Holly@ClubThrifty recently posted…How We’re Going to Jamaica For FREE Next YearMy Profile

  2. This is an excellent post for people seeking information on insurance options. It’s what people really expect from finance blogs!! And between term and whole, I absolutely think term is the way to go for me (which is what I have).
    Natalie @ Financegirl recently posted…6 Strategies to Keep You Focused on What’s ImportantMy Profile

  3. Great explanations John!! I am with Greg in that I had a tough time selling whole life because I had a tough time “believing” in it. I think the only time I thought it made sense was in estate planning for large estates. I would hate when I would see clients with small whole life policies who really intended to have it cover expenses should they pass but the policy was so small it would barely cover funeral expenses and the policy was so small because that was all they could afford. It is really important to understand WHY you want life insurance before you actually buy it because answering the question, really does help answer which one you get.
    Shannon @ Financially Blonde recently posted…Music Mondays – We Are OneMy Profile

    • Thanks Shannon! That’s a great point of needing to understand the why behind why you want life insurance as that can help you guide what to get and how much coverage. I have problems believing in it as well. I get it for those larger estates or if you’re specifically buying a small policy to help serve as “burial coverage”, but beyond that I have a real issue in thinking it’s the right solution for most.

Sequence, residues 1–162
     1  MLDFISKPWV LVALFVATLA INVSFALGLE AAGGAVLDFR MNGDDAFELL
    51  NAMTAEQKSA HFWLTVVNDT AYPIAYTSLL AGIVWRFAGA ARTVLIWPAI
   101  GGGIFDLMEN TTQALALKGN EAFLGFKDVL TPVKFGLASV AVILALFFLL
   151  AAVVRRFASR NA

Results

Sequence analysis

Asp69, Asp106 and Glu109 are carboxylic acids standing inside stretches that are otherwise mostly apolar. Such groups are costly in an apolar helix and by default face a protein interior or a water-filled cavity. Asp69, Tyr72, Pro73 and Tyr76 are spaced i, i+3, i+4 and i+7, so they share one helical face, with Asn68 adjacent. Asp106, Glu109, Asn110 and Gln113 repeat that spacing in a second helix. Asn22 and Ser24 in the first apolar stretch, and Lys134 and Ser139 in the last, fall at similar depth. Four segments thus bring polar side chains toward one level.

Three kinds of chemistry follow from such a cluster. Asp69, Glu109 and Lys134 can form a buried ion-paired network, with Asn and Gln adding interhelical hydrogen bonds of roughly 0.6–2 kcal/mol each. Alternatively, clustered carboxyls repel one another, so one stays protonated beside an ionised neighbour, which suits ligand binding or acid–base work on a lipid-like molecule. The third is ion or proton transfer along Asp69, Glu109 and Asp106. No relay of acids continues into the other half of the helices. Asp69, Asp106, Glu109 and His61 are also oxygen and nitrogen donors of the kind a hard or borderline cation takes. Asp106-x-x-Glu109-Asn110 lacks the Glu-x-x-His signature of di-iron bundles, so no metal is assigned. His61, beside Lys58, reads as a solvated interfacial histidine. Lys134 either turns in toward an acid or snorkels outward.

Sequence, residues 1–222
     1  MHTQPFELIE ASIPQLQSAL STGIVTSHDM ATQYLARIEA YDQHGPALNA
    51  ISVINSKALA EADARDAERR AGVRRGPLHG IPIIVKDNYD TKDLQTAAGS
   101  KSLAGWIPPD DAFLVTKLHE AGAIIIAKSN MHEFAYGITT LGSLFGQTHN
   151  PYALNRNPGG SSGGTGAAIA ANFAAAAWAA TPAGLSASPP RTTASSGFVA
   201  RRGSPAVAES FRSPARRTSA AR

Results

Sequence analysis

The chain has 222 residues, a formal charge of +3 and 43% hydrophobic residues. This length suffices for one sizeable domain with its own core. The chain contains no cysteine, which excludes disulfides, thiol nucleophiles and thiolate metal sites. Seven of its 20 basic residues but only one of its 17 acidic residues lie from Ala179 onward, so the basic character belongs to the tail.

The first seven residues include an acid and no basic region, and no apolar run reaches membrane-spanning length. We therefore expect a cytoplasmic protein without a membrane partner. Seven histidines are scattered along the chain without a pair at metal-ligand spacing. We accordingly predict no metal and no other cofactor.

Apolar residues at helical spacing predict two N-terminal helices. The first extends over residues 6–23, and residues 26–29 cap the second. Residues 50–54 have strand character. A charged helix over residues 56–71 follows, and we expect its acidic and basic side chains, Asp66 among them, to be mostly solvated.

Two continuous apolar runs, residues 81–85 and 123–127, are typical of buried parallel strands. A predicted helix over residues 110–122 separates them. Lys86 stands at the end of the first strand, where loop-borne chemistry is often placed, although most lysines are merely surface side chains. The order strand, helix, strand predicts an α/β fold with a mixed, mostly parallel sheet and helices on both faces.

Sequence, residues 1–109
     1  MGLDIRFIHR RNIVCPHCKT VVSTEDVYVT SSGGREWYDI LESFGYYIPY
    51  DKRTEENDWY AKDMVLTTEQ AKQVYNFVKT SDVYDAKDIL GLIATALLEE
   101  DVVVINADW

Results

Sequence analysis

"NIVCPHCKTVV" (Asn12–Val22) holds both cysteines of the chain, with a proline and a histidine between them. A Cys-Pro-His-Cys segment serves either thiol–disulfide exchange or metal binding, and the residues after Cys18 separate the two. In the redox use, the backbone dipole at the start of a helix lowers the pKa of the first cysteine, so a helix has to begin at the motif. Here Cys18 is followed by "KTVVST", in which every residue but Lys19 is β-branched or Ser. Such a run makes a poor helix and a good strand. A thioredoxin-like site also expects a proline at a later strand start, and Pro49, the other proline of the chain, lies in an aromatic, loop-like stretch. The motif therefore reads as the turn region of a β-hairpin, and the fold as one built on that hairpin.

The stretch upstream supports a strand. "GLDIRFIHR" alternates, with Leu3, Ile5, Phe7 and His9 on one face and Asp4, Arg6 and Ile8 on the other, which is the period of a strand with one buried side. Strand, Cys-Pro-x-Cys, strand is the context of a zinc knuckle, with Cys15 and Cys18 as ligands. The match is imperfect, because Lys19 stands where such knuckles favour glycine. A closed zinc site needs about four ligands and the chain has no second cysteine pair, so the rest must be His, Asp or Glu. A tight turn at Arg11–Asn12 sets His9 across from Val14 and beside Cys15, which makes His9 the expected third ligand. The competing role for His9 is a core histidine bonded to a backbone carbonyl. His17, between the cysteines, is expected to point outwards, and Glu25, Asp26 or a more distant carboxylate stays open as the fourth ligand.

John Schmoll recently posted…What is the Difference Between Term Life and Whole Life Insurance?My Profile

  4. I for one do not consider myself an expert by any means, but from what I’ve learned these past few years it seems like term life insurance is a much better deal – at least for the majority of people. I’m glad you are breaking down the difference so that people have a better understanding of the two options.
    Aldo @ MDN recently posted…DIY Phone Screen ReplacementMy Profile

  5. When I graduated from college, one of my friends got a job as a insurance salesman, or I should say “financial advisor” at an insurance company. He tried to sell me whole life insurance, but I just wasn’t sure about committing the money since I was right out of college. I did some research…I actually borrowed a book from the library and I remember the advice: buy term life insurance and invest the rest. So that’s the advice I follow. Although I do agree with Shannon that for certain people whole life makes sense for estate and tax planning purposes.
    Andrew recently posted…Why Aren’t Nerds Popular?My Profile

  6. Whole life is becoming less popular because it requires commitment and short term sacrifice. The premium cost is much higher than term, and investing the rest sounds more appealing.

    The problem for most people is they rarely invest the rest. They reach the later stages of life without accumulating enough assets, and the term policy expires or reprices.
    Kevin @ Growing Family Benefits recently posted…Long Term Disability for Maternity LeaveMy Profile

    • That’s just the thing Kevin, whole life is not a good product for most for a variety of reasons. I don’t think it really has that much to do with the commitment, it’s that it’s considerably more for less coverage when they just don’t need it.

      That said, I agree that many might fail to invest the balance which is unfortunate. But, that’s not a good reason to buy WL.
      John Schmoll recently posted…3 Cheap Ways to Eat Healthy on any BudgetMy Profile